Deep in the vale of humble life, | Then think no more that Virtue stands
Oft have I seen the mortal strife

More firm, because admiring bands
By village hero waged;

Of friends or flatterers cheer;
Stretched on nis pallet cold and scant, Through darkness, silence, solitude,
With destitution, sickness, want, By none sustained, by nought subdued,
And pain at once engaged.

She holds her bright career.
Deserted in his hour of need

Friendless, forlorn, with pain to cope,
By friends as false as hroken reed, And peril doom'd, till faith and hope
He to himself is true!

Are in fruition lost;
Though unsupported by the loud Each ill surmounted or o'erthrown,
But senseless clamors of the crowd, She courts the ken of One alone,
Or plaudits of the few.

But finds that One a host !
One Eye there is, and that alone Thus, throned on rocks, Missouri takes
This moral grandeur from His throne His giant leap, and thundering shakes
Contemplates, and sustains:

The depth of woods below!
More high doth He that peasant hold His lone magnificence displays,
Than him who, canopied by gold,

Where not an eye the pomp surveys,
O’er subject millions reigns.


But His that bade him flow,



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In every operation of nature, which we profess clearly to understand, we may remark that the most striking feature is simpliCITY. We find nothing at variance with, or in the least degree differing from, the plainest notions or conceptions of propriety and common

And not unfrequently, when we have removed a seeming veil, and unfolded a hidden mystery, our admiration and wonder are excited, as we are made acquainted with the apparently artless means by which Nature accomplishes her works. This is a prominent feature every where, and in every thing. It is this which so powerfully captivates our wondering sense,' and here we may trace the true source of the 'sublime and beautiful. And yet, notwithstanding these manifestations, men are too much disposed to look to far distant causes of certain effects, when those very causes lie spread before them. Hence we find, that some investigators soar into the regions of space, and others plunge into the bowels of the earth, in search of facts and arguments to substantiate a favorite theory, when the causes they would endeavor to explain, surround them like the air they breathe, and are sometimes palpable to the touch.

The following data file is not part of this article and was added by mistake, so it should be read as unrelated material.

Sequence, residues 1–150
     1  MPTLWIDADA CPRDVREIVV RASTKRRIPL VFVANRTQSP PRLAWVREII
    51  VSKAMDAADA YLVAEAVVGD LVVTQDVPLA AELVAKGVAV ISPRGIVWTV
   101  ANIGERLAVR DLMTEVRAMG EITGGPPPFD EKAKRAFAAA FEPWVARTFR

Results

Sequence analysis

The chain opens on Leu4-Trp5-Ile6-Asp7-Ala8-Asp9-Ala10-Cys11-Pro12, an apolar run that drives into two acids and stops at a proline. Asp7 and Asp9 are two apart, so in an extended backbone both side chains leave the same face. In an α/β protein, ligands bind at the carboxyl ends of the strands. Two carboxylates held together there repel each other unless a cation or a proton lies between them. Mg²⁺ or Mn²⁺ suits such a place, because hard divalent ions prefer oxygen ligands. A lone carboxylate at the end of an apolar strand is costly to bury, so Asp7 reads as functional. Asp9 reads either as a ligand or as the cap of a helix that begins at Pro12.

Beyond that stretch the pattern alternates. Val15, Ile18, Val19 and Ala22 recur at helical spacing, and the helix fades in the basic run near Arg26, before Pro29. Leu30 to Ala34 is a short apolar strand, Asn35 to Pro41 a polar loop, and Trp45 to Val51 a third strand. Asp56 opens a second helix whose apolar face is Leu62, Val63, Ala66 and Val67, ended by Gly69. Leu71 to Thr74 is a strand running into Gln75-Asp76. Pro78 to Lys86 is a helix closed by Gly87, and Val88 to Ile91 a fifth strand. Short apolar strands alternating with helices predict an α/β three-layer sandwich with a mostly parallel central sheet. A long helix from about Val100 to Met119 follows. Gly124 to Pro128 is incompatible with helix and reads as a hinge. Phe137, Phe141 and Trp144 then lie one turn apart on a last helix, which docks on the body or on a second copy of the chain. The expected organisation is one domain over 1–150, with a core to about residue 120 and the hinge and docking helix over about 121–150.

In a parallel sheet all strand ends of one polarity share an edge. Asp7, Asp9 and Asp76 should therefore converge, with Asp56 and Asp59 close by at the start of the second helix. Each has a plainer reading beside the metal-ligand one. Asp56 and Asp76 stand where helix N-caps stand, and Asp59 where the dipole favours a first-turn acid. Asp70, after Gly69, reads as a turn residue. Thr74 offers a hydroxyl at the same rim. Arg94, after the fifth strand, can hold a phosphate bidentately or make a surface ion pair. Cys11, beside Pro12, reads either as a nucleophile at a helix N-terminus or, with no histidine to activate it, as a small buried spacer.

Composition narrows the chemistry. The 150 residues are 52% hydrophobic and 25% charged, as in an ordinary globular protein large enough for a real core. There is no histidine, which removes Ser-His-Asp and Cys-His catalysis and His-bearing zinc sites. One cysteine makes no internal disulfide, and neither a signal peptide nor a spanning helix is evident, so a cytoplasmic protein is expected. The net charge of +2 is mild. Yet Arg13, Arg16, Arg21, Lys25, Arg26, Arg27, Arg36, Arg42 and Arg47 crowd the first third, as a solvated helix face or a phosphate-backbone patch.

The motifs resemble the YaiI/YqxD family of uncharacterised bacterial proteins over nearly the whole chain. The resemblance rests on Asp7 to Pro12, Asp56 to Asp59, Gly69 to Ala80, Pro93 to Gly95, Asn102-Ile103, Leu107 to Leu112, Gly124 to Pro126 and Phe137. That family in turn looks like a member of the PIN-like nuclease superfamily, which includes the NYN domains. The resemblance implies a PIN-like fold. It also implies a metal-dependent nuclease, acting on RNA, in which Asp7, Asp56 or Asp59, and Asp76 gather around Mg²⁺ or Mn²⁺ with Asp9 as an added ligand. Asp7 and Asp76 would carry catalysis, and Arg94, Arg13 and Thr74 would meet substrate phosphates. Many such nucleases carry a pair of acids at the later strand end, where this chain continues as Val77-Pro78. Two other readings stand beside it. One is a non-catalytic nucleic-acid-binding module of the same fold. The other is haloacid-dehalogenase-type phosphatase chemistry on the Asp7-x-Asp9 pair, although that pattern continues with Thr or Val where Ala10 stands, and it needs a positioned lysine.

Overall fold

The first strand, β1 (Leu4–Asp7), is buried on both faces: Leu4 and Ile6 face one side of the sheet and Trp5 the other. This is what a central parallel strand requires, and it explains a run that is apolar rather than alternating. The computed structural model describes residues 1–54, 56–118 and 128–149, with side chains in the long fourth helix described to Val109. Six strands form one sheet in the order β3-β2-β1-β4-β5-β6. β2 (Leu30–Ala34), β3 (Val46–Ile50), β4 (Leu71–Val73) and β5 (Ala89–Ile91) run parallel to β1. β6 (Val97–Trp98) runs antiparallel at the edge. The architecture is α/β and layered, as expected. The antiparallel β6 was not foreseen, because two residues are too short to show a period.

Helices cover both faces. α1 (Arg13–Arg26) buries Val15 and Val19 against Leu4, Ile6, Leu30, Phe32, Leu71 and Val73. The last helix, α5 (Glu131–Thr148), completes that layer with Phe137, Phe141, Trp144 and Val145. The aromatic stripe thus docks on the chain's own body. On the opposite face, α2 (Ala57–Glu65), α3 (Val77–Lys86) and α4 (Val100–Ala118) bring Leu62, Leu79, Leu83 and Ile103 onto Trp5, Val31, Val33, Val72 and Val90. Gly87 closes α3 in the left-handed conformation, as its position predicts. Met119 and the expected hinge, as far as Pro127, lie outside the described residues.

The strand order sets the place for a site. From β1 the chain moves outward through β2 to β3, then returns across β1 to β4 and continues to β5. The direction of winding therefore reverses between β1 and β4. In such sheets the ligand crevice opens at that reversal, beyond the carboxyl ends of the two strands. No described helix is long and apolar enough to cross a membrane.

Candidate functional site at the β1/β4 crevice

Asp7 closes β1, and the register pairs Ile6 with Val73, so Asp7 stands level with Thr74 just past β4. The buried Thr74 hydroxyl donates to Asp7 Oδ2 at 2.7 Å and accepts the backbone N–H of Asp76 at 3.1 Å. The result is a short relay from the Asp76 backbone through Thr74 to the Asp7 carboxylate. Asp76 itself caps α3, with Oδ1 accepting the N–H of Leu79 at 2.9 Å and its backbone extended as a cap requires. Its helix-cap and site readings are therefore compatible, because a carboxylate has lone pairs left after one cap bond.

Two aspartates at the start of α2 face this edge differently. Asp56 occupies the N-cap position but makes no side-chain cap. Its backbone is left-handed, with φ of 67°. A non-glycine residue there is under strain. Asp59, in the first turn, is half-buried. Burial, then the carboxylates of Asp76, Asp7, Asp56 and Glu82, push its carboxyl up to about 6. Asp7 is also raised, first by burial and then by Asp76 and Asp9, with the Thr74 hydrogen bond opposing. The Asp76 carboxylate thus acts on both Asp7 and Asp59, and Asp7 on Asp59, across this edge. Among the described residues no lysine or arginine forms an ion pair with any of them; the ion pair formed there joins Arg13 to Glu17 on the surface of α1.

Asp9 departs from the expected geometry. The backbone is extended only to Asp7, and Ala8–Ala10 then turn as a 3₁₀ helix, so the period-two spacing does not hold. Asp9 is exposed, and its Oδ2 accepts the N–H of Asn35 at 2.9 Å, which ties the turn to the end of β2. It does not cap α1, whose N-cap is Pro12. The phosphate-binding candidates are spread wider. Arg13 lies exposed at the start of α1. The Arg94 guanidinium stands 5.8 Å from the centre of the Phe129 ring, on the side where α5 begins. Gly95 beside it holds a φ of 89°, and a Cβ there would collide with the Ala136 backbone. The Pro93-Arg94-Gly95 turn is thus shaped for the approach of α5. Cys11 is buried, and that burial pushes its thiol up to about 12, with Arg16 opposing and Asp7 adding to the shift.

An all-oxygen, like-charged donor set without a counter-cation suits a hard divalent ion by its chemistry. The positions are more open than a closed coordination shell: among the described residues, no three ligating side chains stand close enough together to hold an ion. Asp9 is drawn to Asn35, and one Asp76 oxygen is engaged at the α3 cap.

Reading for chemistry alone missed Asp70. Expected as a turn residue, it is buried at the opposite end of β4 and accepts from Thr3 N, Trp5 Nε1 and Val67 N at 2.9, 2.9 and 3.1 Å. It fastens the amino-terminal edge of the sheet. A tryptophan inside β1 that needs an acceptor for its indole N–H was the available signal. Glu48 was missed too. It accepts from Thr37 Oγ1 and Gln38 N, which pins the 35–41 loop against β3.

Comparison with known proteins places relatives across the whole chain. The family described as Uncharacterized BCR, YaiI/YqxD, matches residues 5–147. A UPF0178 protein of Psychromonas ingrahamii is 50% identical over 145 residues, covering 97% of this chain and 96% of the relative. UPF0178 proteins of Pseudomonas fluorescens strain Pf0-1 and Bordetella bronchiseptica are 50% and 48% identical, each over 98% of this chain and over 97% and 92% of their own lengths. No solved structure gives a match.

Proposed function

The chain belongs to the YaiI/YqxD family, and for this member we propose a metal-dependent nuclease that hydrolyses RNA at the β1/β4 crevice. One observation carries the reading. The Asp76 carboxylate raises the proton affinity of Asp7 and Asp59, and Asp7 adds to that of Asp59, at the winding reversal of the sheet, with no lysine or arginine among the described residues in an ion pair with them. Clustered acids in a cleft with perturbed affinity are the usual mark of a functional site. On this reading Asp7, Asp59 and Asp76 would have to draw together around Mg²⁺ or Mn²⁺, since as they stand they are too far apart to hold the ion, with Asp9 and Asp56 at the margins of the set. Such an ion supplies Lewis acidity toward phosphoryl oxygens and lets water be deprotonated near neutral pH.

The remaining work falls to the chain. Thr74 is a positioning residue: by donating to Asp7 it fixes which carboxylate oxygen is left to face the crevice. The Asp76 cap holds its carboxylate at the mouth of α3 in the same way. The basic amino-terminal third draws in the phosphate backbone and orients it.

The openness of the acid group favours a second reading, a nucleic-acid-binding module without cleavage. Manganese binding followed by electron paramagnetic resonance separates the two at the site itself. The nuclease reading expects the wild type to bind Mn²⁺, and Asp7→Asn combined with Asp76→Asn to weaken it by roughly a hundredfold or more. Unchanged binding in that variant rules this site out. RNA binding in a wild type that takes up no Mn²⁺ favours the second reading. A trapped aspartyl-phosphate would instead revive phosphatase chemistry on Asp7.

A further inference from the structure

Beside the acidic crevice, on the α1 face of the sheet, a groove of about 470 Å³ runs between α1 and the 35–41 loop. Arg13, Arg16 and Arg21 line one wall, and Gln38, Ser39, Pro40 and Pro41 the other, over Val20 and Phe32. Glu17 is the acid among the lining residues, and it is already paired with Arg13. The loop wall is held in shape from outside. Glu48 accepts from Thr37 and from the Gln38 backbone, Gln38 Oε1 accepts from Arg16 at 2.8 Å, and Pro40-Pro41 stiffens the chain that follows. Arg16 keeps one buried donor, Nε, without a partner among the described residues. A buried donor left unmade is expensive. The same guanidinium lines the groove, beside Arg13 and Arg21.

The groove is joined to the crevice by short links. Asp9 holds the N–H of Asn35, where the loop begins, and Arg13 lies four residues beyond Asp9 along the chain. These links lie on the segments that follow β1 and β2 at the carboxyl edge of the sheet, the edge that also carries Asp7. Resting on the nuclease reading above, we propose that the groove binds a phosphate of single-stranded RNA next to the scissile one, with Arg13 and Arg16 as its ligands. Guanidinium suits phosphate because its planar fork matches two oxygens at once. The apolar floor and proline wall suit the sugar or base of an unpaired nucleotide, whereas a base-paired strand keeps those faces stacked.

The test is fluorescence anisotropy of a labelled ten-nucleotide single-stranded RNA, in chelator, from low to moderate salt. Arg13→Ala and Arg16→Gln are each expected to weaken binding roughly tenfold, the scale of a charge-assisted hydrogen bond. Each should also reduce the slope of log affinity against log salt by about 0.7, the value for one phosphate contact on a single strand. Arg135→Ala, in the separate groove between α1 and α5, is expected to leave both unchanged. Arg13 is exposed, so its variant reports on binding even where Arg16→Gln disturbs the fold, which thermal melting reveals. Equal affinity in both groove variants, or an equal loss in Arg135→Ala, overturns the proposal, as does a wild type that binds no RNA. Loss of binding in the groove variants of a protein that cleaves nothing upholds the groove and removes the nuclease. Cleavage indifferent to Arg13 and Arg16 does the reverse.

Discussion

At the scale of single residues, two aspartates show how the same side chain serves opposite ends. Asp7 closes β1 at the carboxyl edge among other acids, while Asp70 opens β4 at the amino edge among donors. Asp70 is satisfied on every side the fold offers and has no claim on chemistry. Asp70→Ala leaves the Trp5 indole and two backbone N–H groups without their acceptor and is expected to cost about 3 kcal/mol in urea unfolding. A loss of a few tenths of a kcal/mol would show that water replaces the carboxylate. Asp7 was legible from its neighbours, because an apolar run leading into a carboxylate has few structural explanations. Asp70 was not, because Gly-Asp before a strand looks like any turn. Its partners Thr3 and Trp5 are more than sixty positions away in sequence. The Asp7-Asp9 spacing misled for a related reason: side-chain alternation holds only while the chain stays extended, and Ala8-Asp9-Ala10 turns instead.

The tides of the ocean have been an enigma to learned men through all time, and until within a late period, their movements were a mystery as incomprehensible as the structure of the heavens.

The Newtonian theory is now generally received as unquestionable truth, and is, I believe, the only one that is studied and taught in all literary institutions. Yet it is well understood, that many scientific men have long doubted its correctness, although they yield their acquiescence in its soundness, because no one has yet been found capable of substituting a better. Nor do I believe the secret will ever be revealed to man, so as to be made clearly intelligible, until it shall please the Great Founder of the system to infuse into some one of his humble creatures a double portion of his own incomprehensible and all-pervading spirit.

The theory of the tides, as explained in the present day, is so perfectly plausible, from its strict conformity with certain movements and operations, continually taking place, that few are disposed to call it in question, while most men readily yield it their unqualified conviction. With many, it would probably be deemed a waste of time, if not an evidence of presumption, to doubt its entire correctness, or withhold from it unreserved and implicit faith. To such I would say, I have no desire to disturb or unhinge their settled impressions, and therefore I address myself to those who are not so thoroughly wedded to preconceived and long-established notions, as to believe that no reasonable arguments can be brought forward to show their fallacy, or illustrate any new position.

The grand defence in favor of the prevailing theory, is the uniform action of the tides, in certain latitudes, corresponding with the position of the moon in the heavens, and this uniformity has served to confirm it in the opinion of numerous philosophers throughout the world. Many there are who maintain its unalterable truth; but with all becoming deference, I shall presume to call in question its correctness, and to express my full persuasion of its utter impossibility.